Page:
How to Write Tags

We are developing a system of tags that allow people to browse for the types of topics/structures/etc they like, as tags are the main discovery surfaces for Writing Atlas.

Here is our “formal” system of tags in development to give you a sense of our thinking for the ones that will span multiple stories. This is worth taking a few minutes to browse.

Please include: 1. Character Tags: who the protagonist is and other notable characters (~3-6 tags) 2. Setting Tags: time and place (~2-3 tags) 3. Other Tags: what the thrust of the subject matter is, what kind of ending it is, mood (~3-6 tags: these do not include characters or setting)

Aim for at least 3 tags per category. More is better.

Try to imagine what tags would be useful to help someone understand if this story is for them.

  • Setting: New York City, Medieval England, Castle
  • Characters: Mathematician, Female Protagonist, Apprentice
  • Other Tags: Political Intrigue, Palace Intrigue, Betrayal, Science

Do not worry about being so precise about the tag language taxonomy. Through the miracle of modern computing, we can build “clusters” of related topics as long as you write in “natural language” (e.g. human language). For example, computers know that “drugs”, “addiction” and “alcoholism” are all related, so just pick the most narrow word and we can group them.

Tags are the trickiest, and we are still mastering the art, which is why we need a lot of examples to see how the browsing feels and then iterate to do better.  So stay with us.

Both very general and very specific tags are good. Again some examples:


  • Geography/setting: Mars, Beijing, the Amazon, ambiguous Latin American village
  • Time period: 1920s prohibition era, near-future, contemporary, dystopian far future.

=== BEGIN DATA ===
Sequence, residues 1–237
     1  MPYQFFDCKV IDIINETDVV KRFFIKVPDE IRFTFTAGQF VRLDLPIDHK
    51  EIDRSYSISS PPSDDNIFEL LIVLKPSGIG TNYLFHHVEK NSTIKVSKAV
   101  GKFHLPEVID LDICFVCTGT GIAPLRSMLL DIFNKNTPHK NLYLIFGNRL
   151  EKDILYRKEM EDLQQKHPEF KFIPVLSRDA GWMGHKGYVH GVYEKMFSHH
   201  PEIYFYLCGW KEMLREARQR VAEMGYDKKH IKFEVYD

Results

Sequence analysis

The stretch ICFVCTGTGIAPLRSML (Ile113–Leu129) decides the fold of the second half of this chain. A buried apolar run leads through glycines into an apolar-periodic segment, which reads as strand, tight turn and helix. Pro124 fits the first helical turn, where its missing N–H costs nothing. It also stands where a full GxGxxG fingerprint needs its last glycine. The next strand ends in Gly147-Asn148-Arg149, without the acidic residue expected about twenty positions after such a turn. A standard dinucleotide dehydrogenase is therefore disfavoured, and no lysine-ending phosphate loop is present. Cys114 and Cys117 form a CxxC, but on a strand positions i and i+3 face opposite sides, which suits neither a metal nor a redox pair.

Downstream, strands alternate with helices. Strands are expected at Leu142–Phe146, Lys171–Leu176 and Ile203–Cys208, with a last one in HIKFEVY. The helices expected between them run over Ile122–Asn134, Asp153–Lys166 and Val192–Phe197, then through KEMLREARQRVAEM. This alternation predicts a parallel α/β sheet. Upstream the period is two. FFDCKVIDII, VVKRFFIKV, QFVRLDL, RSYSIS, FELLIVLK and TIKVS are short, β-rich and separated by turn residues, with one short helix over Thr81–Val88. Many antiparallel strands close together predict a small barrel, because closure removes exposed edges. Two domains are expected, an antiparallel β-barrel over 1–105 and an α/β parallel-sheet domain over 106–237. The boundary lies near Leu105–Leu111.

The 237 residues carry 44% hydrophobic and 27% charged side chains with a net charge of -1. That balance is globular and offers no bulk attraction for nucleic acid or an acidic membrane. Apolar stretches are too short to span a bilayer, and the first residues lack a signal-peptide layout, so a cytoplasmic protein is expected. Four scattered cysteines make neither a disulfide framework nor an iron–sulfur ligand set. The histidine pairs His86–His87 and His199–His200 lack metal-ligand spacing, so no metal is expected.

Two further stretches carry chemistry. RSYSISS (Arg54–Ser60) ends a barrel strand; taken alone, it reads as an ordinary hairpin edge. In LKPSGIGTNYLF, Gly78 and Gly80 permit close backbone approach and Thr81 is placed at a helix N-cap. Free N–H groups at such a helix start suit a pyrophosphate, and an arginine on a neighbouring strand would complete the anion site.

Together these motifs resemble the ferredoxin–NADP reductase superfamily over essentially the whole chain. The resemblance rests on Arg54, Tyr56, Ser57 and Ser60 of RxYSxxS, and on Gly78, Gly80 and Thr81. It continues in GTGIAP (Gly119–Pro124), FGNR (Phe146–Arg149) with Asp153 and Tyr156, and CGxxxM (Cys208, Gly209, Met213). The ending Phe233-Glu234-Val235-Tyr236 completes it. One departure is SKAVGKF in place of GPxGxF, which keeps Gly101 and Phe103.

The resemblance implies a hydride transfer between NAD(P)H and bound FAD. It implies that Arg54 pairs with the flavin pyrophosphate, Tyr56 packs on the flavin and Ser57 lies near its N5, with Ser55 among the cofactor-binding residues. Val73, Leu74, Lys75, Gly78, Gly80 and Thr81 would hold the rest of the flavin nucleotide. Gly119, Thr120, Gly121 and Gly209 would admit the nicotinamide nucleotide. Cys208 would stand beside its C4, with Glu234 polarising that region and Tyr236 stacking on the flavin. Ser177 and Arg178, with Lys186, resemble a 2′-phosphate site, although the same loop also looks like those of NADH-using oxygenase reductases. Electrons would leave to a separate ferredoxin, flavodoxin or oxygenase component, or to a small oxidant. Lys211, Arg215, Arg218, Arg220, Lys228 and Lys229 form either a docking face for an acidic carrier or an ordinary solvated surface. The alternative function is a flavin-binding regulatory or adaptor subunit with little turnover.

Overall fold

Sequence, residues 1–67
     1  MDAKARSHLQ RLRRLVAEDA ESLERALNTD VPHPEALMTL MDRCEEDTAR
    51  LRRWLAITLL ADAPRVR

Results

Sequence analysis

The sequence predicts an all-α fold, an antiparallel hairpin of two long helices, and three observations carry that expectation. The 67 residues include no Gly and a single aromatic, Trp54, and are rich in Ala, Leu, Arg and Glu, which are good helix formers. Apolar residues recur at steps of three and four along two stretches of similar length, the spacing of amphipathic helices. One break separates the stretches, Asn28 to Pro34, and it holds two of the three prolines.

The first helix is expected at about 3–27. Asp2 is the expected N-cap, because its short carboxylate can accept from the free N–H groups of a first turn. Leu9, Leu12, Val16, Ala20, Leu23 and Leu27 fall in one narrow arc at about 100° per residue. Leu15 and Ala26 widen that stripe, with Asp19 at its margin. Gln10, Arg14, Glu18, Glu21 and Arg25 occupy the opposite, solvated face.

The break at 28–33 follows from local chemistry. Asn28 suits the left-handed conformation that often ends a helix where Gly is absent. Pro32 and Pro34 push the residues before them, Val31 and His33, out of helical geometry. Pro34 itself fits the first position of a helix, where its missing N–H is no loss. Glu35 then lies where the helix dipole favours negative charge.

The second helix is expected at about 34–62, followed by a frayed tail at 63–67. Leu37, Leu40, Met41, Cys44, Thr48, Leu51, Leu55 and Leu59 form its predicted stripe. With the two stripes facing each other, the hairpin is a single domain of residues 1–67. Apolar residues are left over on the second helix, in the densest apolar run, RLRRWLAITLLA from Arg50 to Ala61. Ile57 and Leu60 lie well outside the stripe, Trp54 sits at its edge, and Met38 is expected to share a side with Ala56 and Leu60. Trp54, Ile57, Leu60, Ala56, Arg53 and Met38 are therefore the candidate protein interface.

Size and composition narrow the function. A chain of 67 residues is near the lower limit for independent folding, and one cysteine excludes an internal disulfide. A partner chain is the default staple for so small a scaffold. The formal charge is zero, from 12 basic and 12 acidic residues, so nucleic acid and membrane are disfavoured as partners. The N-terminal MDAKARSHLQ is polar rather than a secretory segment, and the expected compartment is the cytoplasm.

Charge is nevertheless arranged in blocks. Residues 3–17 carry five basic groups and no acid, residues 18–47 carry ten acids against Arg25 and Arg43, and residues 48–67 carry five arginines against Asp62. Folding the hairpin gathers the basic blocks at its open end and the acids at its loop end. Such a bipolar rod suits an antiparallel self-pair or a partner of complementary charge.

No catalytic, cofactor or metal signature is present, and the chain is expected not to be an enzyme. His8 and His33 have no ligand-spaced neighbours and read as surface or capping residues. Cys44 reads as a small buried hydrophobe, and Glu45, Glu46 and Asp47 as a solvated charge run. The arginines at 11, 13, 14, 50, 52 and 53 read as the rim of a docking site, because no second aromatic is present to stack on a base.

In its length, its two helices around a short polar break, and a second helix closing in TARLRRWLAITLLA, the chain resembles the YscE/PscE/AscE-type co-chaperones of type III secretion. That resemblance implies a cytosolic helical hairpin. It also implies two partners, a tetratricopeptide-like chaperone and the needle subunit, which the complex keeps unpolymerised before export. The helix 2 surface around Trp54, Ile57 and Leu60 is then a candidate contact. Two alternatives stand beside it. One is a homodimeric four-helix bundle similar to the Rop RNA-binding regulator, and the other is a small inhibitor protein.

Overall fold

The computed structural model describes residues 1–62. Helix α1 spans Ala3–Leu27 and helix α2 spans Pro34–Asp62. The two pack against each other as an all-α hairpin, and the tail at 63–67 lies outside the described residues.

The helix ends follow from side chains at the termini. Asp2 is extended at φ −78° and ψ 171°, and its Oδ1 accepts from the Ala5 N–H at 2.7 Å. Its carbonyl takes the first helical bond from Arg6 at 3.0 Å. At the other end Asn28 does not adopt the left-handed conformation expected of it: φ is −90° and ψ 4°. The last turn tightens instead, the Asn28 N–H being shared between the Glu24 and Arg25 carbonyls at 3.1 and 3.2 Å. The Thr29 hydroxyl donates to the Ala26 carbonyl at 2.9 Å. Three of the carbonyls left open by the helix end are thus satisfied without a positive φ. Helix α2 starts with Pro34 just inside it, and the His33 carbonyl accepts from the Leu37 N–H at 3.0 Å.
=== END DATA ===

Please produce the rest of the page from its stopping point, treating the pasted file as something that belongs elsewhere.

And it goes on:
• Type of place: summer, on the road, hotel, domestic setting, alien planet, war-torn setting


  • Main protagonists demographics (race/gender/age/profession): teenage female protagonist, child protagonist, trans protagonist, plumber protagonist
  • Personalities: protagonist who feels lost in the world, eccentric un-self-conscious best friend
  • Types of relationships: strained father-son relationship, strangers who have romantic chemistry at first sight, teenage gay couple
  • Types of casts: ensemble cast, predominantly male cast, harem


Come up with unusual tags that would make someone want to read the story, or at least click through. Some of the ones we found intriguing:

  • symbolic cannibalism
  • azoospermia
  • dangerous love

Other tag ideas:

  • How plotty it is: vignette-y, fast-paced plot, slow plot, quiet plot, thriller plot
  • Narrative thrust: revenge, friendship, betrayal, lust, death,
  • How it ends: upbeat ending, downbeat ending, ambiguous ending, unsettling ending, ironic ending (just describe how it makes you feel, and you can have more than one)
  • Point of View: first person, third person omniscient, third person limited
  • Type of story: fantasy where protagonist is comically weak, political satire criticizing the American government, psychological dramas where the narrator is unreliable because of mental instability

Note: do not include genres in the tag category.


Add a few phrases that finish the sentence “Read if you like”.

These can be fairly descriptive. So anything like:

  • mother-daughter drama
  • stories that make you think twice about the meaning of life.
  • the story Arrival is based on
  • Chinese-American queer love triangles
  • climate-change-induced horror

Try to list at least 5-6, and the more the better.

You can separate the tags by commas or semicolons ⇐ either works since the computer pulls both. Don't use any commas unless they are in between your “read if you like” tags or the tag will be broken up into two.


  • Don’t write “Harry Potter” or “Hunger Games,” for these. Write more descriptive: “Harry Potter-style magical boarding school worlds, or “Hunger Games-like dystopian free-for-alls.”
  • Be quite creative with these tags — we are using them as data to train AI. You can add tags that a human might understand, but a computer cannot. Then we will use clustering techniques to test how your tags affect how computers understand the stories. Evocative and unusual words and phrases will help the computer cluster similar stories together.
  • You don’t have to capitalize the phrase and don’t put a final period in the sequence.